By M.R. Narayan Swamy, IANS,
New Delhi : The death in a Colombo prison of an Indian fisherman has raised tempers in Tamil Nadu, with allegations that India is not doing enough to bring back its prisoners from Sri Lanka despite a bilateral pact.
Fisherman Thangaraj, 63, who became paralysed some three months ago, died Sunday at the Wellikade prison, sparking a wave of anger in the coastal region of Tamil Nadu.
“If only India had brought back its prisoners from Sri Lanka under the prisoner exchange pact, then, perhaps, Thangaraj might be alive today,” fishermen leader U. Arulanandan told IANS.
Speaking on phone from Tamil Nadu’s Ramanathapuram district, to which the dead man too belonged, Arulanandan said they had run up against a brick wall on the issue of transfer of prisoners.
“There is an agreement under which India and Sri Lanka ought to exchange their prisoners so that they serve their prison sentence in their own countries,” he said. “But somehow things don’t just seem to move here (in India). Is it because the Indians in Sri Lankan jails are mostly from Tamil Nadu and Kerala and not north India?”
Indian prisoners who have repeatedly spoken to IANS on telephone from the Wellikade jail in Colombo have made similar charges, alleging that India was going slow on the prisoner transfer programme.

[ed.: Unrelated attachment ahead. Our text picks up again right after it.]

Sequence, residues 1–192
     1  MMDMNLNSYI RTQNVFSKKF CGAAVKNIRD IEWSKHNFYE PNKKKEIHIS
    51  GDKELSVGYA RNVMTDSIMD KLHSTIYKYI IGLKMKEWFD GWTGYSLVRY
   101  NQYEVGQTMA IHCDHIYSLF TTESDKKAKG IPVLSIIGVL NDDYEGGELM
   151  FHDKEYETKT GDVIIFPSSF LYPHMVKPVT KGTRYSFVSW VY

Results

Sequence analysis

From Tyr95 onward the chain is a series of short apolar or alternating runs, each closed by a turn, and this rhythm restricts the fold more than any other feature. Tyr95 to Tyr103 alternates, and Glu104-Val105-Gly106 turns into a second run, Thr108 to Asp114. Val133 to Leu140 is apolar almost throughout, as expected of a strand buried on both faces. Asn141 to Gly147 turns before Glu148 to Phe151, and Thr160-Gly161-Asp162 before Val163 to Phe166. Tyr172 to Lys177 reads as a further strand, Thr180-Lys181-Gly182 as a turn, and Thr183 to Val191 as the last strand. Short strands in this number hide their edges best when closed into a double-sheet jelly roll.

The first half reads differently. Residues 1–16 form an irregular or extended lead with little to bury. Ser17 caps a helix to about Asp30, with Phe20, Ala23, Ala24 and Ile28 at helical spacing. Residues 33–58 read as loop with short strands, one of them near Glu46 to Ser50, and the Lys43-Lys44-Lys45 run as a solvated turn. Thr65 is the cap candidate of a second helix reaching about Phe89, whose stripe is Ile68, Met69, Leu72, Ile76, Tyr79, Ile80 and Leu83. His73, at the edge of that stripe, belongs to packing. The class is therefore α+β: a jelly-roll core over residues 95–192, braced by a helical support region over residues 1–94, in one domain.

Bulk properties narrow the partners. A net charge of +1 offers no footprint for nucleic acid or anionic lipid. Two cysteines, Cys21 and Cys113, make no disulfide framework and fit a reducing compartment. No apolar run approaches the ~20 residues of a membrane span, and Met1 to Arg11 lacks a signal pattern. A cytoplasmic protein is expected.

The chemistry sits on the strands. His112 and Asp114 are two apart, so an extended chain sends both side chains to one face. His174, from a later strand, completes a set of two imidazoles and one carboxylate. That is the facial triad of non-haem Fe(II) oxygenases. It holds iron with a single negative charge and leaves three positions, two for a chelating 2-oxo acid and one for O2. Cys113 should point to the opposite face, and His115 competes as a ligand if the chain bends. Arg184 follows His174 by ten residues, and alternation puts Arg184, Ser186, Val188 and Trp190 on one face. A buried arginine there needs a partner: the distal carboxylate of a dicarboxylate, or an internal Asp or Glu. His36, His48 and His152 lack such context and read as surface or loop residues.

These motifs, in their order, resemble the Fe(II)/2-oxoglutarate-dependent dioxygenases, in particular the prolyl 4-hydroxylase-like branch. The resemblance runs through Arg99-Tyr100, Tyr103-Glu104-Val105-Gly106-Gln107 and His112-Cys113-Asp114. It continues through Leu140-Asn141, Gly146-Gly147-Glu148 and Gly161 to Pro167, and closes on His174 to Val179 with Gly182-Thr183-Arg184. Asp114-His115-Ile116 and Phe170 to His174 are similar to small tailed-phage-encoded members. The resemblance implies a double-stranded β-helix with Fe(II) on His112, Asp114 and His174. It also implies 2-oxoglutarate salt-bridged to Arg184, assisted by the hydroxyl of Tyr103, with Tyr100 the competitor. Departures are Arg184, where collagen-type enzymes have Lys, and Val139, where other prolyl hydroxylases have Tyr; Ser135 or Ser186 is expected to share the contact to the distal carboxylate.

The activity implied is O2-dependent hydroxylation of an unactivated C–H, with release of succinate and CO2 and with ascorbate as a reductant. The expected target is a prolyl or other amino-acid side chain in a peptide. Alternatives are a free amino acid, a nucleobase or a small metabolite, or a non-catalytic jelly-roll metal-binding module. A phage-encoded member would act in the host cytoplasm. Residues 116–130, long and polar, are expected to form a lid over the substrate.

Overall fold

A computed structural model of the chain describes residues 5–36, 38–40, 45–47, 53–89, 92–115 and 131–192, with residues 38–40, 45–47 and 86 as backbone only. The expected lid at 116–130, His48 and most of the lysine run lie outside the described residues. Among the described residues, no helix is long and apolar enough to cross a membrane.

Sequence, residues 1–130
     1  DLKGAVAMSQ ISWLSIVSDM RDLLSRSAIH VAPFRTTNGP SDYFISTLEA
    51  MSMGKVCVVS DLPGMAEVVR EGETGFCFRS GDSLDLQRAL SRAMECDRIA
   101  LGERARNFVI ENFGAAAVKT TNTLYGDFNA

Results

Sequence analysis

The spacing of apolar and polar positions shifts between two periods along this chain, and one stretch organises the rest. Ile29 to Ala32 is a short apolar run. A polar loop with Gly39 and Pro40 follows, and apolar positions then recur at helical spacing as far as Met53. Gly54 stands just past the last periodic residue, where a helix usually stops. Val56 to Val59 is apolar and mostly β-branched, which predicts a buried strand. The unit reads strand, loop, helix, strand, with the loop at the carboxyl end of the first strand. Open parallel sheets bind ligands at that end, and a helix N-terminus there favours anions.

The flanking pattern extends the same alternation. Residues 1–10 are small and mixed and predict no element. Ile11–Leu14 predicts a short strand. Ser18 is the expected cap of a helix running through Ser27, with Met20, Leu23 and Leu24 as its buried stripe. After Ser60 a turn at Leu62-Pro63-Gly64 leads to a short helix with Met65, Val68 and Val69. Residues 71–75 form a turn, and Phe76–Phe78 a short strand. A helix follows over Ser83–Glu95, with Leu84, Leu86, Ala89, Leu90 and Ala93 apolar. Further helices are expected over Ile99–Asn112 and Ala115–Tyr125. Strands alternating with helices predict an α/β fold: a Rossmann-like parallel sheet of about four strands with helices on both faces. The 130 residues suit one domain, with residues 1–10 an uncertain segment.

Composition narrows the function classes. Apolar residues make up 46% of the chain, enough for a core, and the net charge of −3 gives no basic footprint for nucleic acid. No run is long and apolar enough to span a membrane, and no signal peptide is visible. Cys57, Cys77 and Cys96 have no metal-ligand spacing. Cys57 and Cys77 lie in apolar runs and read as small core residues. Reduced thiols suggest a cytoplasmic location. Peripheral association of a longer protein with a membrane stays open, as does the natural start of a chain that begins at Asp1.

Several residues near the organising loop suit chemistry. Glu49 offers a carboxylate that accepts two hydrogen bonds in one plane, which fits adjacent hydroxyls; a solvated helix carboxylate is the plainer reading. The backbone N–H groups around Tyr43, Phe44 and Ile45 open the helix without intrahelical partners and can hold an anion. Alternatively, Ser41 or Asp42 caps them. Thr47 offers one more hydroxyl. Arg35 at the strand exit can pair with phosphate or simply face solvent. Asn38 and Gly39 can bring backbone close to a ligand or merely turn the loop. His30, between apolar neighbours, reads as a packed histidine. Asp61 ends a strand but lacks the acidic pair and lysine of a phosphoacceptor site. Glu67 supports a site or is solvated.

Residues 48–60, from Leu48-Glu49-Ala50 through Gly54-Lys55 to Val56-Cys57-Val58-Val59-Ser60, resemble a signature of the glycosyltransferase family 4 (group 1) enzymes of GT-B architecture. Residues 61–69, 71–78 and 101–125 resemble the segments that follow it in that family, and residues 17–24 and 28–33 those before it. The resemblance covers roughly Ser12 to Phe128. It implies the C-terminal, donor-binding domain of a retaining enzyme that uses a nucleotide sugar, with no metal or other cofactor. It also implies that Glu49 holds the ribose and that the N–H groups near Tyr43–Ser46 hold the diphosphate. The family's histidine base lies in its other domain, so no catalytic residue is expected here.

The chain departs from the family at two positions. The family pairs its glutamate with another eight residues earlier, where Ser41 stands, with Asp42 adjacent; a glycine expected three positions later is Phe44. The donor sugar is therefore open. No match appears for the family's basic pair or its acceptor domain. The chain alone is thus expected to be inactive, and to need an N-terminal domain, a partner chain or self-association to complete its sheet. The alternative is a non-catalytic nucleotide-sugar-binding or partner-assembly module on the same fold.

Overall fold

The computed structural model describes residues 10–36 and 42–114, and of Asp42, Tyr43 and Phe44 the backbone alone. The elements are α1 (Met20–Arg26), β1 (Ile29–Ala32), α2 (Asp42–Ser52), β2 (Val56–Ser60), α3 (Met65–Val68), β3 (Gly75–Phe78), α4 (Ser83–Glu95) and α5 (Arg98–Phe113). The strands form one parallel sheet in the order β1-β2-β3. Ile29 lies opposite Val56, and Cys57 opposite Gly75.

Thangaraj, who died Sunday, and another fisherman, Munisami, 40, had set sail from Tamil Nadu Dec 24, 2004, just before the tsunami. Sri Lanka was then at war with the Tamil Tigers.
Sri Lankan security forces caught them on the sea and accused them of possessing drugs. They were given life sentences and have been in prison since then.
A father of four sons and one daughter, Thangaraj had pleaded innocence and had – like other Indians serving jail sentences in Colombo – seeking transfer to an Indian prison.
“But this never happened,” said Arulanandan, who is also the founder of the Alliance for Relief of Innocent Fishermen group.
“When we make enquiries, we are never clearly told who is responsible for this mess: the Indian foreign ministry or the home ministry. We believe it is the home ministry,” he said.
An Indian prisoner in Colombo had told IANS in the past that Indians in the Wellikade prison were mostly from Tamil Nadu and Kerala and belonged mostly to poor families.
“This is one reason no one bothers about our condition,” said the prisoner requesting anonymity. “At one point some of us thought of writing to Tamil Nadu Chief Minister (J.) Jayalalithaa. One even thought of committing suicide.
“Our plight has been taken up in Indian parliament also. We believe that things would have worked fast had we been from northern India. This is our grouse,” he said.
Arulanandan said there was talk about a year back that Thangaraj may be moved to India to serve his sentence in this country.
“That never happened. Who knows, he may have been alive if he was in India. At least he would have got better medical treatment.”